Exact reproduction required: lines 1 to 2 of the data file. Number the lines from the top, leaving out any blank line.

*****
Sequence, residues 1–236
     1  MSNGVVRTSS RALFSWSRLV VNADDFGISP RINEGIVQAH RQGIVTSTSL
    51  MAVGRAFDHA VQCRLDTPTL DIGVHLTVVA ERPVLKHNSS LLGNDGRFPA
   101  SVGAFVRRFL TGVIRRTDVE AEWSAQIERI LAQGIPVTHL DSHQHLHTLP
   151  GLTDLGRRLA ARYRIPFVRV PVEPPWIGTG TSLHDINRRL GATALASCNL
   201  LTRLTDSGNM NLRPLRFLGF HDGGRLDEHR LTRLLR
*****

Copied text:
Sequence, residues 1–236
     1  MSNGVVRTSS RALFSWSRLV VNADDFGISP RINEGIVQAH RQGIVTSTSL